Tributes have poured in for a young safari field guide, Sheldon Hooper (27) who has tragically been killed by an elephant in a luxury private game reserve adjacent to South Africa’s famous Kruger National Park.
The devastating incident took place at Thornybush River Lodge on Tuesday morning. According to local reports Sheldon and a colleague were doing a routine fence patrol when a female elephant, which had managed to get on the inside of the electric fence, attacked him. The elephant was apparently part of a herd of nine, including two other cows and six juveniles. It’s possible that Sheldon got too close to a six-month old calf, the Reserve’s CEO Trevor Jordan told TimesLive.
Jordan told the newspaper: “The elephant tusked him on the knee and just above his heart. It left two holes and he was bleeding profusely. The man who was with him ran to get help. The elephant left the scene. He succumbed to the wounds within 20 minutes. Paramedics came as soon as they could and they did all they could to stop the bleeding.”
Unfortunately Sheldon’s life could not be saved. His colleague was not harmed. Jordan said that the elephant herd is currently relaxed so “we decided against euthanising the elephant”.
Thornybush posted a statement on Thursday afternoon, saying: “As a guest or a friend of Sheldon’s, you would have had the pleasure of experiencing his incredible kindness, infectious smile and love of the bush. His repertoire of knock-knock jokes couldn’t help but make you chuckle, no matter how you were feeling, and the adaptation of his signature fist-bump or high-five greeting, to a foot bump during COVID, would have been seen all over Waterside Lodge, which is where he was stationed.”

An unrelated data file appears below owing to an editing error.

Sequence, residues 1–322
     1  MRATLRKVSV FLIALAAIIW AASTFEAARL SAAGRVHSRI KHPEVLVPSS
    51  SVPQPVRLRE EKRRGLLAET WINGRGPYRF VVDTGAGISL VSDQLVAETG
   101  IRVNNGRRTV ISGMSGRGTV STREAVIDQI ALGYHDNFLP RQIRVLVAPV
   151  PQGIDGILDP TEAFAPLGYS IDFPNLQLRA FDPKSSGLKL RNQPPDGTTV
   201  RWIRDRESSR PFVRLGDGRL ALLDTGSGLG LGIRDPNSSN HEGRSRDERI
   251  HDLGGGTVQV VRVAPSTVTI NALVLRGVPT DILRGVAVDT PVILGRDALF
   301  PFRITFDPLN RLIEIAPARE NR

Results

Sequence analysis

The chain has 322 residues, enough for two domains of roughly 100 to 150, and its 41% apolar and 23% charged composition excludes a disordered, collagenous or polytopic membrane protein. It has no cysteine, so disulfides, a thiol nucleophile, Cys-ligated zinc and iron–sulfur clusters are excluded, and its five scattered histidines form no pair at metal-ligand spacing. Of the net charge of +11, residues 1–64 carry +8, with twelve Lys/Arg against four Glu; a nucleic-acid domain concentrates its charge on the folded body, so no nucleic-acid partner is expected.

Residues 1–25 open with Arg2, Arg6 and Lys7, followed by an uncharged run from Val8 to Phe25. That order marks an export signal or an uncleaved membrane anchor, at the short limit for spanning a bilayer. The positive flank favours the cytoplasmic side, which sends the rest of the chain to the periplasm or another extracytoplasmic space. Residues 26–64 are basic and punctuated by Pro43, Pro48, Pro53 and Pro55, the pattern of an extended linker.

During Lockdown, Sheldon struggled like many South Africans in the tourism industry when he was temporarily laid off, but instead of giving up, he began a Java programming course “to potentially become a Software Engineer if the floor falls out from beneath me”, and started a fundraiser (“Help Shelly through Covid”) to help pay the bills. He had already raised almost R20,000.
But mostly he was a passionate, talented guide who loved being in the bush.
Sheldon joined Thornybush in July 2019, and “fast made his way into the hearts of his colleagues, with his quirky sense of humour, the respect he showed those he worked with, his dedication for conservation and his talent for story-telling”, said Thornybush.
“His keen eye behind the camera was also noted early on – as was his willingness to share his knowledge with guests of all ages, as well as his team members. Sheldon was also a gifted writer, contributing to our Thornybush blog. Sheldon’s life was a celebration of his passions and he is sorely missed by all.”
The reserve posted photos of Sheldon, as well as some of the incredible photos he captured of his beloved bush.
Tributes have poured in from guests, friends and team members.
I only had the pleasure of your company for 6 days in 2016, but in that intersection of our lives spent chasing leopards…